With the gun law debate in full effect many question the availability of guns to people with mental illnesses. Post traumatic stress disorder is categorized as such in certain circles therefore pulling returning service members into this arena. With the recent shooting death of a former Navy Seal and his friend by a former Marine with PTSD many are questioning whether or not a person diagnosed with PTSD, should have had access to a weapon. Many political figures are weighing in on this very public tragedy.
"Chris Kyle's death seems to confirm that 'he who lives by the sword dies by the sword.' Treating PTSD at a gun range doesn't make sense," former Texas Republican Rep. Ron Paul tweeted on Monday.
Eddie Ray Routh is accused of killing former Navy Seal Chris Kyle and his friend Chad Littlefield at a shooting range on Saturday. Routh, a former Marine, was diagnosed with Post Traumatic Stress Disorder 5 months ago according to his family. It was at that time, according to his parents in a Lancaster police report, he was threatening to kill himself and his family. Routh was committed to Green Oaks Psychiatric Hospital at least twice in the past 5 months according to police records. Shay Isham, a lawyer appointed to represent him, said his client spent roughly the past two years in and out in Veteran Affairs medical facilities for treatment of mental issues.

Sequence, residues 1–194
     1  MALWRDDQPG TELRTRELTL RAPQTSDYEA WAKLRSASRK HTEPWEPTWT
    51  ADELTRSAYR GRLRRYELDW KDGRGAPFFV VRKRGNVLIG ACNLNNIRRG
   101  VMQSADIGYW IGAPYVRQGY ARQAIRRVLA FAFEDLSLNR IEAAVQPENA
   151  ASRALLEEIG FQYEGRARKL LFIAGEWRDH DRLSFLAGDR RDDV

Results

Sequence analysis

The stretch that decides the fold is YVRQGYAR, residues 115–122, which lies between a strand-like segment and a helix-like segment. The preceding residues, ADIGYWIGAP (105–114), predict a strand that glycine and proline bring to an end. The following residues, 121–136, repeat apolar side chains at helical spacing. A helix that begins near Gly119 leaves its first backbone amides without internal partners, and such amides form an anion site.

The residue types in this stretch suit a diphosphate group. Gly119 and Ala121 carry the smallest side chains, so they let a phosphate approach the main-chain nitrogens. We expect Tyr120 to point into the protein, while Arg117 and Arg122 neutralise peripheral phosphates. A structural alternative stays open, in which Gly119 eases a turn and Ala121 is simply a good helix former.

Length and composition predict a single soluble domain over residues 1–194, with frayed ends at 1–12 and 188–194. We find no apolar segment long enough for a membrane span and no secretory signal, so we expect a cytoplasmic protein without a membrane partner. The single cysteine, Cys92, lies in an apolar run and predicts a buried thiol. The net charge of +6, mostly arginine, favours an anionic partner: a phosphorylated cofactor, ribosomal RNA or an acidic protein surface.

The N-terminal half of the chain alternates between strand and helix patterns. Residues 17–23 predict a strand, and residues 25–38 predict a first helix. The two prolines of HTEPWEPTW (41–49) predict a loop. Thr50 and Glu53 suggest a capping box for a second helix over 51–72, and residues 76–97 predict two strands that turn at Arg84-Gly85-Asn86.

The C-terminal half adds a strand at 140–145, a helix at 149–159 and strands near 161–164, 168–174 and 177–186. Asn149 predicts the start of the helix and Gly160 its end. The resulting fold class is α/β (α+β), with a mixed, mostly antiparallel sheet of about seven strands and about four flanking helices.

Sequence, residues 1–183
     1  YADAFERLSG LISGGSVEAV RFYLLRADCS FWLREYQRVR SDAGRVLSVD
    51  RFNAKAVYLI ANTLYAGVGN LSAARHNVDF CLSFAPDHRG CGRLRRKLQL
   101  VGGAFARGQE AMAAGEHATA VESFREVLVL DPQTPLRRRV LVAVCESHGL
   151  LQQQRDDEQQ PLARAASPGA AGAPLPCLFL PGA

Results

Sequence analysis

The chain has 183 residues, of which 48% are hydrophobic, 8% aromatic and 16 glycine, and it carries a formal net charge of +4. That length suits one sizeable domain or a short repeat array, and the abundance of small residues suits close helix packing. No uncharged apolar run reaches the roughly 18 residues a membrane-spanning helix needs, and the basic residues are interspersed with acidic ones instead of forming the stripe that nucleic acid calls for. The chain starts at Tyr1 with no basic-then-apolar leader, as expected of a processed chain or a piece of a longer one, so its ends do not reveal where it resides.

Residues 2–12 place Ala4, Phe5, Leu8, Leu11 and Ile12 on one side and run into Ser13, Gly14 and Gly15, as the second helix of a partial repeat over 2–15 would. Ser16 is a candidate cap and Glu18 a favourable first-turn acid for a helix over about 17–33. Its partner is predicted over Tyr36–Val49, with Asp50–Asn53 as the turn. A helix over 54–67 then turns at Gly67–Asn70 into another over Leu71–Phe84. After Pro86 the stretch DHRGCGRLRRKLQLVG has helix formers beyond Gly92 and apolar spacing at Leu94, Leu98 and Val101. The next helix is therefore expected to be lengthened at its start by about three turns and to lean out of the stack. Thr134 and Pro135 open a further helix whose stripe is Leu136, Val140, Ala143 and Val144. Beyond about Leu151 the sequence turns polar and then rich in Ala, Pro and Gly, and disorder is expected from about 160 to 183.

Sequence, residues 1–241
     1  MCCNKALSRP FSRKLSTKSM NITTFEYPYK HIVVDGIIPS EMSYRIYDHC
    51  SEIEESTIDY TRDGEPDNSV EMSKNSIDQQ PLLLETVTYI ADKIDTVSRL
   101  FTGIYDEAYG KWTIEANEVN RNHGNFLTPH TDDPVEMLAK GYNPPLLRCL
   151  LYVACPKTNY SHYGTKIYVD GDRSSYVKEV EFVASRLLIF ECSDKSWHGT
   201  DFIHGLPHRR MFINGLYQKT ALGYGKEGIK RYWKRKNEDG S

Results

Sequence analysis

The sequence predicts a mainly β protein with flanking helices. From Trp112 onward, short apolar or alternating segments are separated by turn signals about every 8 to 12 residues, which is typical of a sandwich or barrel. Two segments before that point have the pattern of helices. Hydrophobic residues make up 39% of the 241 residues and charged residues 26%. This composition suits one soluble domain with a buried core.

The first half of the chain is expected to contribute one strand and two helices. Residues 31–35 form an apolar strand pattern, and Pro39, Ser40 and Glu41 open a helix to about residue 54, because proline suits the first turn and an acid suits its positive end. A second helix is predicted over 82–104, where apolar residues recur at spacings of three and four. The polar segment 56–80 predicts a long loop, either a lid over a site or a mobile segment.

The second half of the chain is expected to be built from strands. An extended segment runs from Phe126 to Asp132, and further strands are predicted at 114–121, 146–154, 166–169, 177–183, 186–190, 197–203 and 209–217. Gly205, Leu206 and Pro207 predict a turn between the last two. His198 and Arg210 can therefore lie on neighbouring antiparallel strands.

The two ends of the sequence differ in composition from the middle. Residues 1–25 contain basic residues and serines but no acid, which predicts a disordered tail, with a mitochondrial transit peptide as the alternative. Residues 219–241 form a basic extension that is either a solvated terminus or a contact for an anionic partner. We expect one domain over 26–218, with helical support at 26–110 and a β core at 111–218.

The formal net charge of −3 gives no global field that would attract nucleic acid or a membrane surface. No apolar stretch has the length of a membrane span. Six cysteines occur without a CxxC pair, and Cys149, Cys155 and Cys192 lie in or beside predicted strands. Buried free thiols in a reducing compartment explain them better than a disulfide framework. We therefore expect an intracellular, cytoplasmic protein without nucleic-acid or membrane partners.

"PTSD is rarely associated with homicidal violence," Michael Welner, a forensic psychiatrist who has worked on cases of Iraq and Afghanistan veterans charged with violent crimes, told CNN's Soledad O'Brien.
"PTSD is very commonly associated with a number of other conditions that are regularly attached to violence, alcoholism, personality disorder, depression. So diagnostically, PTSD may be relevant and it may just be part of the picture, including traumatic brain injury," Welner said
PTSD effects more and more of our returned service members, some turn violent while others have committed suicide thus resulting in the highest suicide rates that the military has known. Chris Kyle was confident that being out with other brothers, cutting up and being on a closed range was exactly what recovering service members needed. While many may disagree, especially with the tragic outcome, it is safe to say that a man with his impeccable record and experience may be believed in this method of assistance to our veterans.